It’s difficult to imagine how anyone could read the film’s most pivotal, visceral sequence as a celebration of anything, let alone a celebration of Jordan Belfort as the personification of free-market capital. After Jordan and his disciple Donnie Azoff (Jonah Hill) take a fistful each of quaaludes (the infamous “Lemmons”), Jordan skims off—this time in a white Lamborghini, note—to take an emergency call at a country-club payphone. Jordan discovers his phones have been tapped by the FBI just as the über ‘ludes take delayed effect. So now he’s forced to drive back to his estate practically sedated. For several excruciating minutes we watch him navigate on his belly through the country-club, then roll down a flight of stairs to reach his vehicle. Scorsese records this junkie-junket in a series of brief, elliptical shots, yet somehow they seem to last an eternity, what with Jordan variously slumping and flopping and dragging himself along the floor. Eventually he manages to heave his useless body into the vehicle and drive back to his estate, miraculously without a scratch, only to find Donnie—equally loaded—bellowing evidence into the tapped telephone. They wrestle for control of the receiver, fall to the floor tangled in the phone-cord, and paw feebly at each other while screaming gibberish. Donnie hauls himself up onto the dinning room table and greedily stuffs hors d’oeuvre into his mouth. Then, to no-one’s surprise, he begins to choke.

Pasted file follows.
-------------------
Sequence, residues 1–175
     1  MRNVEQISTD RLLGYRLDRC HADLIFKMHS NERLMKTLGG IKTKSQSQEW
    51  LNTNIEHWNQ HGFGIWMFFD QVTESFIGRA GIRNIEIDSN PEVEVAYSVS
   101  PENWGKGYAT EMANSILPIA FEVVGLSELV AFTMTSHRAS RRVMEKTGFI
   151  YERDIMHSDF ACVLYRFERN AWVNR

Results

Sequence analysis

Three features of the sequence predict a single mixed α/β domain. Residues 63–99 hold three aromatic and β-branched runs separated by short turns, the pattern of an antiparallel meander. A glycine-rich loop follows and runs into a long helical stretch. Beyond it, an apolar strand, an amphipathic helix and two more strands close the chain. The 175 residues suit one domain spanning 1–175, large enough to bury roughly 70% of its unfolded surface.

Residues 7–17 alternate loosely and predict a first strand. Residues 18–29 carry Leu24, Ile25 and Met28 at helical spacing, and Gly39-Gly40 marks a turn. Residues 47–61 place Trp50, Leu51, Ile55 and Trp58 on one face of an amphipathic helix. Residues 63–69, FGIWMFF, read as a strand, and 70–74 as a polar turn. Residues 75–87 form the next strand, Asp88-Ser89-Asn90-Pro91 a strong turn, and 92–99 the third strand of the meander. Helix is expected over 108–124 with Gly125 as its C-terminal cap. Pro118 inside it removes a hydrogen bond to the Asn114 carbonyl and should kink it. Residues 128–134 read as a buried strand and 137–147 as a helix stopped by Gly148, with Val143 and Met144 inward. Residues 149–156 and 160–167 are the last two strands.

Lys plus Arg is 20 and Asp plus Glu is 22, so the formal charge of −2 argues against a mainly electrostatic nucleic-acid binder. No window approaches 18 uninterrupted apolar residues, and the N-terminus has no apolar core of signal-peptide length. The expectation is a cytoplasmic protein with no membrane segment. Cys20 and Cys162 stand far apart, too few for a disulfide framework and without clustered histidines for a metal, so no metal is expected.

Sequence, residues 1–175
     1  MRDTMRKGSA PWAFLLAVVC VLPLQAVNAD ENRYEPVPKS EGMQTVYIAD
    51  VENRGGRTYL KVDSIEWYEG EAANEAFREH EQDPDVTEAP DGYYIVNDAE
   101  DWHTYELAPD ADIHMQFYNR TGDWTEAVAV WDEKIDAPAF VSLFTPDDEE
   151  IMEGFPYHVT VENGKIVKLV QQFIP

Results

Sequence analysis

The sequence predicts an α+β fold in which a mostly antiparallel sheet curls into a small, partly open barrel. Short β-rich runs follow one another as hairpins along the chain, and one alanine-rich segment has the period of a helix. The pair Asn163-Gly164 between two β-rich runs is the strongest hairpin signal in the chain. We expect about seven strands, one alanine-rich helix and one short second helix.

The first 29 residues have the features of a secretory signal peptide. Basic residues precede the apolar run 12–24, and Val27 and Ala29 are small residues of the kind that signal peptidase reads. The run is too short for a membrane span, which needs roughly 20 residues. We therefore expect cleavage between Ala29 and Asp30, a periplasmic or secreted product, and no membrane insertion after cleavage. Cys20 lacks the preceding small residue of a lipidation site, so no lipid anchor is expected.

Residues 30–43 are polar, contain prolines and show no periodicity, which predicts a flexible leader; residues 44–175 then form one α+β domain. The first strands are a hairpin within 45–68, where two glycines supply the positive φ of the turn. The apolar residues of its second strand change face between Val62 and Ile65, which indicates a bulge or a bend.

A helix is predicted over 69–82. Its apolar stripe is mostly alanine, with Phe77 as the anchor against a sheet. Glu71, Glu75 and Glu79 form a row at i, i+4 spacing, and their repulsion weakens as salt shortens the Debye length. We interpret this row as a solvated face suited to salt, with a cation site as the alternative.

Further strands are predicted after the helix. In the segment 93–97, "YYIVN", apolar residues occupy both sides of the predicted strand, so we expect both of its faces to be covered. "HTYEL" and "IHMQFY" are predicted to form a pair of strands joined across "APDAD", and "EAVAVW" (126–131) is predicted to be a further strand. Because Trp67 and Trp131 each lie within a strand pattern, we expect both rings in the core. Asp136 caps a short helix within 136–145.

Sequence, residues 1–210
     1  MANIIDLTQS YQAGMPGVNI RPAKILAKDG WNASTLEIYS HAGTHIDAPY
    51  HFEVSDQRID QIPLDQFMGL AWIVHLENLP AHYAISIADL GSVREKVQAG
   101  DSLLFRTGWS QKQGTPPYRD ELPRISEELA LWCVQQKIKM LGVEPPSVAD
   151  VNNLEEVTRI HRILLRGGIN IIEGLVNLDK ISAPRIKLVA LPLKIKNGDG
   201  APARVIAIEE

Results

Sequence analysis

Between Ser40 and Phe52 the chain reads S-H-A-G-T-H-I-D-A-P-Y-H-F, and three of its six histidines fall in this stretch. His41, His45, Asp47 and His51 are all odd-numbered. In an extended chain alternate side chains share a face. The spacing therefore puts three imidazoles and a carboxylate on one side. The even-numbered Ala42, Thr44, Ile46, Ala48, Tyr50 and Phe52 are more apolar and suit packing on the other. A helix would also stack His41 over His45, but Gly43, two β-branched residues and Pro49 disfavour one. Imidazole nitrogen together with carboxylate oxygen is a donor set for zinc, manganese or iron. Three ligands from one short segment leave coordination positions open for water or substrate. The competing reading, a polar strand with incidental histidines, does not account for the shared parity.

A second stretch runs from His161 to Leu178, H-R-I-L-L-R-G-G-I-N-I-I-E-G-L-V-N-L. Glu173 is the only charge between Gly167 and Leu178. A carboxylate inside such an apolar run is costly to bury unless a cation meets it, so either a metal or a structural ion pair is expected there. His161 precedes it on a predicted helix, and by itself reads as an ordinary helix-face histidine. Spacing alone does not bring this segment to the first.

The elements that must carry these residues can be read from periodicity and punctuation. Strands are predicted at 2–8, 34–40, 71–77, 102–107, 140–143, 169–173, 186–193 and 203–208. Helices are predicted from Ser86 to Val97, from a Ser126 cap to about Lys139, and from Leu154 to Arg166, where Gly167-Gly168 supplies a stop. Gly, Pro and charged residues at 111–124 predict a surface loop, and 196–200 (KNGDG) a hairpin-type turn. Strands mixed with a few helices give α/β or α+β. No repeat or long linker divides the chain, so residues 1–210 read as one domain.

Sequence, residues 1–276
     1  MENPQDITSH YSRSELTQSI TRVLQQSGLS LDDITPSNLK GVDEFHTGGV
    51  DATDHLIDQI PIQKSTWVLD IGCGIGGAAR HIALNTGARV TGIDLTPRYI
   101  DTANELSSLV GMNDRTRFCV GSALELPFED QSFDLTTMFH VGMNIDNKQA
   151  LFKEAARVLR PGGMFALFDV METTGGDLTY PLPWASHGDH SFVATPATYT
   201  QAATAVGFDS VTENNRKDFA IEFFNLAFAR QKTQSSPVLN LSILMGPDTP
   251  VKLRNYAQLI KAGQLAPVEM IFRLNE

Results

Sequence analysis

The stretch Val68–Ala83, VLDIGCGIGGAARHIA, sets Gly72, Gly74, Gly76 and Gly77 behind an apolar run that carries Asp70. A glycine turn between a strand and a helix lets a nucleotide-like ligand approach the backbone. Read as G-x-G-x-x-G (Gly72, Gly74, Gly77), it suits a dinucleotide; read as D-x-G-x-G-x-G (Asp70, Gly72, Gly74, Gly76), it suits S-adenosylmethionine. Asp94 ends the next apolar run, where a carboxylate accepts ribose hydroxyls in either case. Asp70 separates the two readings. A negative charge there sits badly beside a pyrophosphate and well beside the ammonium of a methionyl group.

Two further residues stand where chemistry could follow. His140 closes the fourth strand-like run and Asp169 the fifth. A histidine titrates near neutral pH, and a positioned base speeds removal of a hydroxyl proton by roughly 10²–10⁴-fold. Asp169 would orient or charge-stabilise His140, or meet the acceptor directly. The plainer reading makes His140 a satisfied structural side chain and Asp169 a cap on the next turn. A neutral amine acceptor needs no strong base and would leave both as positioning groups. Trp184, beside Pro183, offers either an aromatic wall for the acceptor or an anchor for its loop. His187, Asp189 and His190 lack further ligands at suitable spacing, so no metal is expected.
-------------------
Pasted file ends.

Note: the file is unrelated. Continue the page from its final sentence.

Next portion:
Meanwhile, in the background the television screen shows Popeye cramming a can of spinach to a crescendo of tinny music, boosting his strength the American Way: through overconsumption. Jordan, realizing he won’t be able to help Donnie with a depressed CNS, takes inspiration from the cartoon. He counterattacks the ‘ludes with a vial of coke as a mushroom cloud balloons up in Popeye’s biceps on the TV: a nice bit of surreal montage eluding to the obverse of the US as nuclear superpower—that is, the US as imperial superaddict. The next morning, the police arrest Jordan for a DUI. As it turns out, his drive wasn’t quite so miraculous after all. The car is trashed, even though we saw it in pristine condition a few minutes previously, reechoing Jordan’s unreliable, self-deluded perspective from the beginning of the film. With its unwavering depiction of Jordan’s total abandon, the sequence invokes Gately’s apocalyptic dilaudid binge from Infinite Jest. Like Wallace, Scorsese satirizes a rationale that would solve drugs with more drugs and capitalism with more capital, in an escalating cycle of addiction, a continual displacement of infinite debt. This cannot last, the images seem to say. There’s an even greater crisis just on the horizon. If we watched that and saw Jordan as a role-model, it’d be tantamount to trying heroin because Pulp Fiction made it look fun.